Stanley Grenz: “To Boldly Go Where No Evangelical Has Gone Before.” Grenz defines postmodernism not as time period so much as a broad cultural phenomenon. Postmoderns reject the modern mindset, but under the conditions of modernism. First, what is modern?

Descartes and Newton both contributed to the modern mindset, their ideas founding the view that “human reason is the means of discovering the systematic truth present in the orderly word” (84), the human reason half coming from Descartes and the orderly word from Newton. For these moderns and those who would come after, knowledge is certain, objective, and inherently good.

This all started to crumble in time. Nietzsche was an early attack, but it didn’t really pick up until deconstruction, which was a response to structuralism. Structuralists said that since life is meaningless, societies try to make documents and texts that give it some meaning. Deconstructists replied, twenty years later, that even those texts are meaningless because readers always read-in their own meaning to the texts, so the meaningless life cannot really be encapsulated in a meaningful text, since even “meaningful” is up for interpretation! The world “is only an arena of one person’s interpretation against another’s” (86), and as Foucault argued, people in power are often the ones putting forward interpretations (which advance their power and violence).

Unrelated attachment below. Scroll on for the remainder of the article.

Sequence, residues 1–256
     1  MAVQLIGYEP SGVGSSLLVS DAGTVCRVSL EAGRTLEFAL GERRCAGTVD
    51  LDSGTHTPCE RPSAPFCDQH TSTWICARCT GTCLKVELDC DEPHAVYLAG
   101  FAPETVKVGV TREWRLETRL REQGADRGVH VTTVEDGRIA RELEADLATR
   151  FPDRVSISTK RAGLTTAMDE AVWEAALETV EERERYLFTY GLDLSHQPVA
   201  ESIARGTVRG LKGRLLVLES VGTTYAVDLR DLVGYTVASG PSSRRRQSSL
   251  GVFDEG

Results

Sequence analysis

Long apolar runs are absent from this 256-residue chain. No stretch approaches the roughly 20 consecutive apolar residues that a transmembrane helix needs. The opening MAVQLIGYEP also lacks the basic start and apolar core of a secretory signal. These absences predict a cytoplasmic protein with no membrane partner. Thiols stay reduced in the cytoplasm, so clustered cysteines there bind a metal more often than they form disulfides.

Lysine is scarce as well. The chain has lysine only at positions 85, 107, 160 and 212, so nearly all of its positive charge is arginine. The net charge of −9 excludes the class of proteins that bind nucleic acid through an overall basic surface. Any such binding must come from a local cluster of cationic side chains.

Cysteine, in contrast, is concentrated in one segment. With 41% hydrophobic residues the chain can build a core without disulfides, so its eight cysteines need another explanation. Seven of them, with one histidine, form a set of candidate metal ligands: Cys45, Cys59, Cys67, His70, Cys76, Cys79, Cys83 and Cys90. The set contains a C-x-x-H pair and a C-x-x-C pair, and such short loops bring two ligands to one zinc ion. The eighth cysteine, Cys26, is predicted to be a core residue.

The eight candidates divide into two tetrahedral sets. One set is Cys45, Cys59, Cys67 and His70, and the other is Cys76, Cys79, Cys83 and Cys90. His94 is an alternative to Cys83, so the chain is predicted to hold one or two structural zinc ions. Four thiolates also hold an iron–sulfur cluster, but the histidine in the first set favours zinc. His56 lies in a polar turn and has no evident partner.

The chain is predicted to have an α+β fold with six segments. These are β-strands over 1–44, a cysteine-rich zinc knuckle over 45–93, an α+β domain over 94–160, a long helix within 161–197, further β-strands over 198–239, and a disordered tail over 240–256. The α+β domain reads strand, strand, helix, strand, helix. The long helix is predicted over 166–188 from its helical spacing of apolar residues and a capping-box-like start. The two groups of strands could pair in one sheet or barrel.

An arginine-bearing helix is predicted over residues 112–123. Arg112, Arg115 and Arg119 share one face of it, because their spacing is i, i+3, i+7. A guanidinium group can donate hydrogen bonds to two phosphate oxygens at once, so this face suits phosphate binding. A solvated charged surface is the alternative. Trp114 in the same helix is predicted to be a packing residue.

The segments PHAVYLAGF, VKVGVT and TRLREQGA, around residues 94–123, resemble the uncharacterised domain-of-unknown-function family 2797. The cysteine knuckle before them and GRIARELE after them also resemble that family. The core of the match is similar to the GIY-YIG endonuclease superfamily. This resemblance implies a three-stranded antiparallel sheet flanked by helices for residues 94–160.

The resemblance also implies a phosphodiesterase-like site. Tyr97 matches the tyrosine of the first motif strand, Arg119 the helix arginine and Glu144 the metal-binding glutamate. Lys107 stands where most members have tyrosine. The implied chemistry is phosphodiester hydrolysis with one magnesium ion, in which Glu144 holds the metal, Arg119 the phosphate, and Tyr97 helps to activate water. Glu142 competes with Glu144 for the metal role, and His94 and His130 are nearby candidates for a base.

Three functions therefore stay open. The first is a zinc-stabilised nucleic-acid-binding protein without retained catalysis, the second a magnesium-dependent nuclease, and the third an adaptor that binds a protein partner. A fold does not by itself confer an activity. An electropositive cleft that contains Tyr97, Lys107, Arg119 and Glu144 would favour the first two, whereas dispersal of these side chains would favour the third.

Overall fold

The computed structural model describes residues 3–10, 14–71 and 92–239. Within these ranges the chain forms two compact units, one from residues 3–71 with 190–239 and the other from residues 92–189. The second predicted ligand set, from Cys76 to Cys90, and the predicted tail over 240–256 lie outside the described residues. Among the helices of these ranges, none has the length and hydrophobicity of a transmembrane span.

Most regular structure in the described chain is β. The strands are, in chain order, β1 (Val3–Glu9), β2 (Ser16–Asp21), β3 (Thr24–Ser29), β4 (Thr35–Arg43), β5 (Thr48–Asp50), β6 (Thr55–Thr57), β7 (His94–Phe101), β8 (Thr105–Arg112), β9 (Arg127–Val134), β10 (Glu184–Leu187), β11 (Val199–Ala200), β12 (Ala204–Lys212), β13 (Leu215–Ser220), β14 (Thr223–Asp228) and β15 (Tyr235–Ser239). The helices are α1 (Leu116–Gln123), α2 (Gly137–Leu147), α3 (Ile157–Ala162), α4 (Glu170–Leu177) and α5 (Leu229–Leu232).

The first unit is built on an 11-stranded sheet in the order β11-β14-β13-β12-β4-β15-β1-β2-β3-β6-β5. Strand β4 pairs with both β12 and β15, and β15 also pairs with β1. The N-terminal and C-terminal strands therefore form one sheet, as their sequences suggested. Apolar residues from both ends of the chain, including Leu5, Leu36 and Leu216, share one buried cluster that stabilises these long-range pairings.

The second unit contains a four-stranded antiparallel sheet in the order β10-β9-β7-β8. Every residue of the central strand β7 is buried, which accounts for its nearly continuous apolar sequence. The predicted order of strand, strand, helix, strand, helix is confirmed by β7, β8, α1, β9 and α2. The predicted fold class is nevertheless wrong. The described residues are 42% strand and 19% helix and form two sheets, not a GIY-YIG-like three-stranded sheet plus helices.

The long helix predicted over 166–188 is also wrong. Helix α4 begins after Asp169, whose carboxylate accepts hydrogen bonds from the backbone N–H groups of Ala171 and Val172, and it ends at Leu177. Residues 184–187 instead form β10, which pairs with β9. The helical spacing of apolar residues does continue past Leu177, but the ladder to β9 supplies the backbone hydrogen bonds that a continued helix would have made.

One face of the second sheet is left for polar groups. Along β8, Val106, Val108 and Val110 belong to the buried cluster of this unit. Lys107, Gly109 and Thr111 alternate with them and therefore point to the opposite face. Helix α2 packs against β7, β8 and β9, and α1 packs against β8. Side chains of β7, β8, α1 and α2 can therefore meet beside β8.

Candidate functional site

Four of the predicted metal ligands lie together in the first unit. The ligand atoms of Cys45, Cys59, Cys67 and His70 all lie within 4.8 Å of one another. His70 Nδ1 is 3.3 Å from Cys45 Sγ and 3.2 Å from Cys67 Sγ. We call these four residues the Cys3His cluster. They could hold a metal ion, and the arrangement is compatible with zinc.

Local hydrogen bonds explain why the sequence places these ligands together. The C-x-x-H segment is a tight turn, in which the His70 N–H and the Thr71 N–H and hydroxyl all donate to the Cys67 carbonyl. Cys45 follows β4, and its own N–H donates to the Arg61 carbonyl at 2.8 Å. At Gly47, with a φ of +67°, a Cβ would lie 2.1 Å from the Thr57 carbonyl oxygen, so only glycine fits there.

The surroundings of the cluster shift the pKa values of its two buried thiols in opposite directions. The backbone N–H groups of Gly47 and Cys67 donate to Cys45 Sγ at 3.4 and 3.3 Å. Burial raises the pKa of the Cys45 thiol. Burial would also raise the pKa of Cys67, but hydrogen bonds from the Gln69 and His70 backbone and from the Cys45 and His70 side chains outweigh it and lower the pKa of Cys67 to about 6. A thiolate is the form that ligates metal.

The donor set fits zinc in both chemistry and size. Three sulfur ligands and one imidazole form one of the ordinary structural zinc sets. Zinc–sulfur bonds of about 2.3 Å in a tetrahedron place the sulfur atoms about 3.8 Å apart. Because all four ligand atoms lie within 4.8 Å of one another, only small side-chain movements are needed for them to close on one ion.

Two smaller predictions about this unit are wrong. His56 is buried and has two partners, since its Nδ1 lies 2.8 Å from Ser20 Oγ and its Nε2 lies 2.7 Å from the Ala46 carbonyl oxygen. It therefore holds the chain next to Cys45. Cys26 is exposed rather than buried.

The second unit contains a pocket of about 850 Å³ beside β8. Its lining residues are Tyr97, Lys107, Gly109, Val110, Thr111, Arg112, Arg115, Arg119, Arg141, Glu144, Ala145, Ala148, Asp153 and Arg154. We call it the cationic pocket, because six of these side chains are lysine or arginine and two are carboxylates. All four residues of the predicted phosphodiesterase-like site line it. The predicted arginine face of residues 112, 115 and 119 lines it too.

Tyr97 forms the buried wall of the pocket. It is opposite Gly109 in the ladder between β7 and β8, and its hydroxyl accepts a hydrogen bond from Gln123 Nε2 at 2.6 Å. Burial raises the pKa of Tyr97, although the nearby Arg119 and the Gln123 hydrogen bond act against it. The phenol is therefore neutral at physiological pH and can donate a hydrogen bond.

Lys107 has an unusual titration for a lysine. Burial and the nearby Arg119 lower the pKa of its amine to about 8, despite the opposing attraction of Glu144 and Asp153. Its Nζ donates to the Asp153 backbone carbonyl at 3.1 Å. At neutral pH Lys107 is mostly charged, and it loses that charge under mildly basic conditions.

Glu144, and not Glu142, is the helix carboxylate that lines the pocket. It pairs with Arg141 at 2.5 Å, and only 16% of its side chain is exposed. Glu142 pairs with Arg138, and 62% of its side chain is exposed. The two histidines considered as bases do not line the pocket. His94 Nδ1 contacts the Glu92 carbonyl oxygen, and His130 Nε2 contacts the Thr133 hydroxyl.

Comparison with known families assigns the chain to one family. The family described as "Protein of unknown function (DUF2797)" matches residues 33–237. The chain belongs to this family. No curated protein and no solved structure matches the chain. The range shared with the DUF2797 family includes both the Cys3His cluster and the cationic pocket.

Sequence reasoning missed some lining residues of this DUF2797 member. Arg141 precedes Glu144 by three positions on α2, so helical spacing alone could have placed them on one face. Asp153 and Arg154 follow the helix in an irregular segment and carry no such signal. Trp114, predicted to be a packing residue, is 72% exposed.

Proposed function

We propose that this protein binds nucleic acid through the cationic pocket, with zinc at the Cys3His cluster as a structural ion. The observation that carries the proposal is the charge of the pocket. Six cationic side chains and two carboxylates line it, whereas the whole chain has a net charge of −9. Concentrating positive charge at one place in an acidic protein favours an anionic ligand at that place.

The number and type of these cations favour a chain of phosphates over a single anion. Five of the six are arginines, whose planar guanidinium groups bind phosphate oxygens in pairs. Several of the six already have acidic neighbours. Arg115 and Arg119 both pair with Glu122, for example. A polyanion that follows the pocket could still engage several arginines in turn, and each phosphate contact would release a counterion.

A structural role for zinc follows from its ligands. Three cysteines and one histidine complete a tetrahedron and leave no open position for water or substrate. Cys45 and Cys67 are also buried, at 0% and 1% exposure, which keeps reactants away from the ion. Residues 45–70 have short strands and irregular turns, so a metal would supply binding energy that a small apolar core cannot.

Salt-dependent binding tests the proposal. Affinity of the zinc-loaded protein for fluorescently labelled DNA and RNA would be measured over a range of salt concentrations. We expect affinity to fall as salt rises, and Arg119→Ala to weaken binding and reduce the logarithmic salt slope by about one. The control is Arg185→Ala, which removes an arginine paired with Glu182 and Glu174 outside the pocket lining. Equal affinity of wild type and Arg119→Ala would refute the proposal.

Grenz thinks that Evangelicals are moderns. Even though Evangelicalism really formed in the fundamentalist movement in the 1910s and 20s, which was a pushback against modernity, Evangelicalism is based on the same modern mindset of certain, objective and inherently good knowledge. (I would add that the anti-modernity of fundamentalists was in response to the results of modernity, namely evolution, not against modernity itself). But since our society is moving past modernism, Evangelicals need to find a way to present the gospel in postmodern terms (89). But is this possible? And more importantly, how will this be done and how will Evangelicalism and postmodernism have to be altered?